Within its bounds are the eastern fringes of Oldham (such as Derker, Glodwick, Greenacres, and Sholver), Shaw and Crompton, Lees, and Saddleworth (the latter of which includes the rural villages of Delph, Denshaw, Diggle, Dobcross, Greenfield and Uppermill).[4] Between 1997 and 2010, Oldham East and Saddleworth incorporated the suburban town of Milnrow in the Metropolitan Borough of Rochdale when boundary changes placed it in the neighbouring Rochdale constituency.[5]

For the 2011 by-election The Guardian described the constituency as "[Culturally] ... a shotgun marriage [likened to] ... Coronation Street meets Last of the Summer Wine, Salford combined with Holmfirth."[6]

History

The seat was established for the 1997 general election from parts of the former Littleborough and Saddleworth and Oldham Central and Royton constituencies.[4] Oldham Central and Royton was a safe Labour seat whereas Littleborough and Saddleworth had had a Conservative MP, Geoffrey Dickens, from its creation until a 1995 close three-party fought by-election where it was lost to a Liberal Democrat. Ahead of the 1997 general election the seat was notionally Conservative, however since 1997 the seat has been a Labour/Liberal Democrat marginal.[n 1][4] Although Phil Woolas of the Labour Party (defeated candidate in the mentioned 1995 by-election) was victorious in all three general elections since, his majorities have not been substantial and the Conservative vote increased from 16% to 24%.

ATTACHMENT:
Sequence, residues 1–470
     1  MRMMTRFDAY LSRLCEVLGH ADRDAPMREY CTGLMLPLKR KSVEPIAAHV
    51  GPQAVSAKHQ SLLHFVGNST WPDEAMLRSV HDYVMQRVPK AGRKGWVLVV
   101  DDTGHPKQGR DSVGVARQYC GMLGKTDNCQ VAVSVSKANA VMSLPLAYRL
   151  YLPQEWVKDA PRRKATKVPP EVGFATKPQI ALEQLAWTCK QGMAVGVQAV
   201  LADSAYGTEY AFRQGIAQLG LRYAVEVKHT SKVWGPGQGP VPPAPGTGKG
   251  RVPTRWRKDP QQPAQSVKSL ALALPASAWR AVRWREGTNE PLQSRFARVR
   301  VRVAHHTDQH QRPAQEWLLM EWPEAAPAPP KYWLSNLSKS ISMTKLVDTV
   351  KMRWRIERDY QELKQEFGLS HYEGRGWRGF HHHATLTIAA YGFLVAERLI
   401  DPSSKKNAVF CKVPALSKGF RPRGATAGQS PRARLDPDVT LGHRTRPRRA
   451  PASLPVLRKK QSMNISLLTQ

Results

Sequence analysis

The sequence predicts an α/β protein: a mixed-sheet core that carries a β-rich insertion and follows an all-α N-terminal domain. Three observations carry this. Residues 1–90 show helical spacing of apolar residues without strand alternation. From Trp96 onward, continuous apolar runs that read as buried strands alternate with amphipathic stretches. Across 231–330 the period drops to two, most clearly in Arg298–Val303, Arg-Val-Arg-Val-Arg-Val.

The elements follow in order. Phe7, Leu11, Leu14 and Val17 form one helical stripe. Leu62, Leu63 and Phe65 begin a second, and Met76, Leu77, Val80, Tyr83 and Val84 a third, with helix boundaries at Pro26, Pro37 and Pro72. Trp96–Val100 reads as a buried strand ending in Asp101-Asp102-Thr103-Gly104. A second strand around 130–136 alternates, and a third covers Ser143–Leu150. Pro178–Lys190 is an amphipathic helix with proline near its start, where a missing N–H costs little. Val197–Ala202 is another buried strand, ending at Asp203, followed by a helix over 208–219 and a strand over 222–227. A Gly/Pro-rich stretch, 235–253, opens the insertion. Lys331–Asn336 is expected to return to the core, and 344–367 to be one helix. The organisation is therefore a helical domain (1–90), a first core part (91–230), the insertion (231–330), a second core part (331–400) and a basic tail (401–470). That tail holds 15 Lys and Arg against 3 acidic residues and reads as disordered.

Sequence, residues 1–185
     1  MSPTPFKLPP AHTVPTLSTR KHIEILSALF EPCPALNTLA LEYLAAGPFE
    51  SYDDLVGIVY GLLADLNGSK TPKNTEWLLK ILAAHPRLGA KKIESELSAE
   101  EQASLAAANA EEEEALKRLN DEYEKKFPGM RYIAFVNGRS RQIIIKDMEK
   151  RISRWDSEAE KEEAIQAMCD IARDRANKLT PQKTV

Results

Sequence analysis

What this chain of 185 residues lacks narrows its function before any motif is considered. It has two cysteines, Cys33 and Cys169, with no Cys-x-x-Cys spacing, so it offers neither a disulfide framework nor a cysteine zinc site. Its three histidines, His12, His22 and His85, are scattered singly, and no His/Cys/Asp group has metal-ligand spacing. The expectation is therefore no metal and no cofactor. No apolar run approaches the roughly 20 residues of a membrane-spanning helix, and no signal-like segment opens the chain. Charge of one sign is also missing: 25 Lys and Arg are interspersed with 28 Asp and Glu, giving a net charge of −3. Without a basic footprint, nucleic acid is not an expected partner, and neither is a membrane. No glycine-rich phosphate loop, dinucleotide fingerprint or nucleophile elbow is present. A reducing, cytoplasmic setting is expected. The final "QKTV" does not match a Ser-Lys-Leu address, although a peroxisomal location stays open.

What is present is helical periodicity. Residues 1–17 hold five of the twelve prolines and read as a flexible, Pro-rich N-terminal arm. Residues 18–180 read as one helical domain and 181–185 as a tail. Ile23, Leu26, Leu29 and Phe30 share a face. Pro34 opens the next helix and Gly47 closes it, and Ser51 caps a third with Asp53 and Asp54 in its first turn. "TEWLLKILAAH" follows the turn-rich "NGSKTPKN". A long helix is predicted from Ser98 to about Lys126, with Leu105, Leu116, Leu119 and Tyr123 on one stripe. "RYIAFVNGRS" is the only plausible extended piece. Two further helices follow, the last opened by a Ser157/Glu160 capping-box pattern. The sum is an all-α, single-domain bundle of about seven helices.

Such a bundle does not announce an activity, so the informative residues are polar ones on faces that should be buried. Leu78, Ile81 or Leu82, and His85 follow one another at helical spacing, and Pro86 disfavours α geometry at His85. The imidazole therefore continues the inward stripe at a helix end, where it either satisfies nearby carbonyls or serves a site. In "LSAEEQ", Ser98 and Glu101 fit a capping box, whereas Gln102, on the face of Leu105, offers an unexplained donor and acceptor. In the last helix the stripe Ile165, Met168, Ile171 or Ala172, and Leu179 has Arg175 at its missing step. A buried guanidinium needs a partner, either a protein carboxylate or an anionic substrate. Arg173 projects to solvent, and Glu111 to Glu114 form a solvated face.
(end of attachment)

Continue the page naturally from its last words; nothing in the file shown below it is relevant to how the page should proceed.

At the 2001 general election, the far-right British National Party gained over 5,000 votes (an 11.2% share), retaining their deposit partly as Nick Griffin stood in the neighbouring West seat.[1] Along with the BNP's showing in the neighbouring Oldham West and Royton constituency, this was interpreted as a reaction to the 2001 Oldham race riots.[7][8] At the 2005 election the BNP's share of the vote dropped to 4.9%.[1]